Nor does sharing taxpayer money with faith-based groups violate that amendment. Those that state otherwise seems to have a very greedy attitude as well as a hate-filled one against the Christian church.

Both Jefferson and fellow Virginian James Madison felt that state support for a particular religion or for any religion was improper. They argued that compelling citizens to support through taxation a faith they did not follow violated their natural right to religious liberty. (ibid)

In essence, they are correct. The state or the federal government cannot institute a tax for the sole purpose of creating a national or official state church and use that money to support it.

But that does not mean that public money is to be withheld from different Christian organizations that have come through a variety of taxes which also are used to support unbelieving organizations and activities.

The Christian and the Christian church are part of the public and they have a claim to their own money. Especially when the unbeliever gets free access to it.

We are sure there will be people who disagree with our point here. That is okay. They just need to make their arguments in a rational, logical, and truthful manner.

The problem is in this situation is that people interpret instead of seeking the truth. They assume or leap to conclusions before hearing the full argument one way or the other. They build subjective tests, like the Supreme Court has done, even though those tests are weak in nature and easy to misuse.

It is understandable that the unbeliever does not want religious, especially Christian activities in government buildings or in the function of those offices. They do not want to be reminded of what their future holds or what their decisions have done to them and their families.

As in archaeology, and science in general, secular scientists are hesitant to embrace the truth because it means ruining their life’s work. Unbelievers have a hard time when faced with the truth and the reality of life.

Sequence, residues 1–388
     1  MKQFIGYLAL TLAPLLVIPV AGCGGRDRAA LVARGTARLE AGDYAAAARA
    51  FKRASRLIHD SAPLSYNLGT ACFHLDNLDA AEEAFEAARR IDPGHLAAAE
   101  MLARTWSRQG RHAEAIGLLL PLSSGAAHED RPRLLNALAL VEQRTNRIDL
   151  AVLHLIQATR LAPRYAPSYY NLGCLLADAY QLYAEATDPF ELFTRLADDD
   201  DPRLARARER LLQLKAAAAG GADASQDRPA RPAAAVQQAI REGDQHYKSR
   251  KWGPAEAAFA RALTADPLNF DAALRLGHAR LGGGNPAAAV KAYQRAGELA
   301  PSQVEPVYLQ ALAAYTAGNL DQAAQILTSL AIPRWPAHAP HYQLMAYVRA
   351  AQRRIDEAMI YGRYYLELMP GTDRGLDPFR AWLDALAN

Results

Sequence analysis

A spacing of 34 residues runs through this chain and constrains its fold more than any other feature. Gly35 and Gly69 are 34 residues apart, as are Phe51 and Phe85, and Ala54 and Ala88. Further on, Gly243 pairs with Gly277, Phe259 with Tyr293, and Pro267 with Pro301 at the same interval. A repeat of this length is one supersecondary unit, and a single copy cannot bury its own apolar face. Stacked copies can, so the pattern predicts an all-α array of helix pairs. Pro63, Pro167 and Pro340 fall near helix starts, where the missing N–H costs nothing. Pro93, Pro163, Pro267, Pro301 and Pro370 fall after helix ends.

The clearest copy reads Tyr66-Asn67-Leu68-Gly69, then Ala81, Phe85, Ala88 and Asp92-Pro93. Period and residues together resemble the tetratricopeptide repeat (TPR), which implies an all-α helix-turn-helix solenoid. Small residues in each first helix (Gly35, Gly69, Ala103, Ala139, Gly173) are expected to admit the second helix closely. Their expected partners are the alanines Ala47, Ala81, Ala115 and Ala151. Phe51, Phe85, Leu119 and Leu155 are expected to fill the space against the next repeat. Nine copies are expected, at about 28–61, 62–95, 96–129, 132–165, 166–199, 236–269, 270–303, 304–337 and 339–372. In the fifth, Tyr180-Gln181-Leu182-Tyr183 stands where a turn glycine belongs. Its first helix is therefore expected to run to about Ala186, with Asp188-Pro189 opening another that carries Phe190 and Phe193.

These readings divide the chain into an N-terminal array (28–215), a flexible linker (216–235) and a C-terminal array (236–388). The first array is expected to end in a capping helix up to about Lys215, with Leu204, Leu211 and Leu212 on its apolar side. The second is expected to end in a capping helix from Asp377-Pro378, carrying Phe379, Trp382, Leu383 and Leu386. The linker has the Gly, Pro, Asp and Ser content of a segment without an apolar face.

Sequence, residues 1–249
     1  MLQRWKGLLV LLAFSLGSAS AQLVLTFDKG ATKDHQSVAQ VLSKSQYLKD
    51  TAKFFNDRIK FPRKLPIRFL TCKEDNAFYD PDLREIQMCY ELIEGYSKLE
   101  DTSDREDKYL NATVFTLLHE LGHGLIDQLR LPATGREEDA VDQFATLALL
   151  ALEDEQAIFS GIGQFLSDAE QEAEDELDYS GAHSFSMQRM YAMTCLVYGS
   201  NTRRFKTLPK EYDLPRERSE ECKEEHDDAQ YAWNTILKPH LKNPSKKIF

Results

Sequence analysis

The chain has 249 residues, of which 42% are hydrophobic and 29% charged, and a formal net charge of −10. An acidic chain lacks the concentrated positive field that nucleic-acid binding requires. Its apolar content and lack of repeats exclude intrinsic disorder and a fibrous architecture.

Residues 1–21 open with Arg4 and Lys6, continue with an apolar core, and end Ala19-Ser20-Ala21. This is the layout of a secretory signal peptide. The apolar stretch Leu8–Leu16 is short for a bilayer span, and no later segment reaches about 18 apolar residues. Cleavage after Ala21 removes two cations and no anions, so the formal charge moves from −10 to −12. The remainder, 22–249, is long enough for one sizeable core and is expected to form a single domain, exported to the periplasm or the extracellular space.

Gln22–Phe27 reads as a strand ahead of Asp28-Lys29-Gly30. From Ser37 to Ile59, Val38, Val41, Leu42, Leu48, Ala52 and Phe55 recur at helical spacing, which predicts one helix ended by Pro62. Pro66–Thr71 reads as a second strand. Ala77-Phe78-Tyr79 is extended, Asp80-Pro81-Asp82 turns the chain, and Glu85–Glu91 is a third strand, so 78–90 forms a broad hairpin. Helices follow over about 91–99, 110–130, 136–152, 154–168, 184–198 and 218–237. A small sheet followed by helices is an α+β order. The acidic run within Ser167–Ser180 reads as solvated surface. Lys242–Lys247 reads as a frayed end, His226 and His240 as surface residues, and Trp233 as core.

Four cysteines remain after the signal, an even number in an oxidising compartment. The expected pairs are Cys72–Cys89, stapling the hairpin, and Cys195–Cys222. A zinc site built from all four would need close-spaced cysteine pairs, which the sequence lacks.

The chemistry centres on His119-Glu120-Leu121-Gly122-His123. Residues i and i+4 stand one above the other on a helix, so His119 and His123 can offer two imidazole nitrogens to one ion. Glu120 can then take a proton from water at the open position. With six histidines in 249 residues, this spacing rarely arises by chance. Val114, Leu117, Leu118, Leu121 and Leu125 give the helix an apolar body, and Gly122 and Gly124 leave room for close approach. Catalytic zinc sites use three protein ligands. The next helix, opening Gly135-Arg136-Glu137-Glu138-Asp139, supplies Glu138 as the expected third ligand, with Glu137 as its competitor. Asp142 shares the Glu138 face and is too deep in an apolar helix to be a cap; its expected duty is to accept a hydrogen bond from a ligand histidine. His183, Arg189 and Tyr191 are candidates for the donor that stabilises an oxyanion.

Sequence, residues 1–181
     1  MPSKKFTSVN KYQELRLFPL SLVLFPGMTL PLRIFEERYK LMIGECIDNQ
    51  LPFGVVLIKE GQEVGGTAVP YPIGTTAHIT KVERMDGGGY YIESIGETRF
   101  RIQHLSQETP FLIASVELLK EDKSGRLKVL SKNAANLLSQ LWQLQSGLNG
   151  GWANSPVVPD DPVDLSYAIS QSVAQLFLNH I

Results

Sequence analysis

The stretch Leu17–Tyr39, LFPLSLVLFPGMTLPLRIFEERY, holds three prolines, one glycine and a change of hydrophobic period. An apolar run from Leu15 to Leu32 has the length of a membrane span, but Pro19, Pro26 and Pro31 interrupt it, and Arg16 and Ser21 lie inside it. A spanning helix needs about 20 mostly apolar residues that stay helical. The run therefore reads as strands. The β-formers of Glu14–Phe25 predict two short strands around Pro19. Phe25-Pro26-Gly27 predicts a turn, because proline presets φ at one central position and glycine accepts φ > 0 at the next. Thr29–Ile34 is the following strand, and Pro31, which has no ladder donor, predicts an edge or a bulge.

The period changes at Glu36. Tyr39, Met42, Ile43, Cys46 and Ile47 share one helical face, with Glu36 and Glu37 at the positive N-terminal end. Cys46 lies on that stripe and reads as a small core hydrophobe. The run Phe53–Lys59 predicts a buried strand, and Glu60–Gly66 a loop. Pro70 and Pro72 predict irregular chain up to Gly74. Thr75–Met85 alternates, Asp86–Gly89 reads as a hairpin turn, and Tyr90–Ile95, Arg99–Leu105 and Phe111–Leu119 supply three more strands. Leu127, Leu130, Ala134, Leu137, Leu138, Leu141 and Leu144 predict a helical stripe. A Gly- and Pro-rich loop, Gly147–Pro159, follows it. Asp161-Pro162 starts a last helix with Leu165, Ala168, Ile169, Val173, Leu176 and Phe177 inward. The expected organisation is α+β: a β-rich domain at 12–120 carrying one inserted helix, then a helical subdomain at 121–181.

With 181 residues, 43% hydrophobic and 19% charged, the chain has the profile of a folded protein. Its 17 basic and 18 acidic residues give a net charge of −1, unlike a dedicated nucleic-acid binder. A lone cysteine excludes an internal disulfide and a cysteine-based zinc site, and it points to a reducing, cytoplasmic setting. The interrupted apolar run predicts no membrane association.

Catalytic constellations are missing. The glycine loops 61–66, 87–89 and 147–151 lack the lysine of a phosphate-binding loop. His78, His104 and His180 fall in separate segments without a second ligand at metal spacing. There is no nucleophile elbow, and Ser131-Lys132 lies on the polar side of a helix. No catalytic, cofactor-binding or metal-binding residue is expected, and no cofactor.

It is easier to hide it away and ignore it than deal with it.

Religion has been at the core of some of the best and worst movements in the country’s history. (Ibid)

Is it religion or is it those members of those religions that misunderstand and misapply their teachings to further their own cause and manipulate people to do their will and not God’s?

In the case of Christianity, it is the latter when the worst is done. If one follows Christianity correctly, everyone would see the difference. The faith is far better than atheists and unbelievers make it out to be.

But sadly, too many Christians or people who claim to be Christian do not follow God’s teachings correctly and we get the mess we are in today. Allowing the Christian church to influence government today would not be a good idea.

Too many believers interpret scriptures instead of finding the truth and obeying it. In the disciples’ time, the church was obeying and following the truth and they followed the disciples’ teaching.

They did not go off into interpretation. Instead, they were united under those vital aspects and were being fed the truth to help them grow properly. This is something we need today in the church.

The church needs to get back to the truth and stop using interpretation to guide its way. Then it can make an impact for God.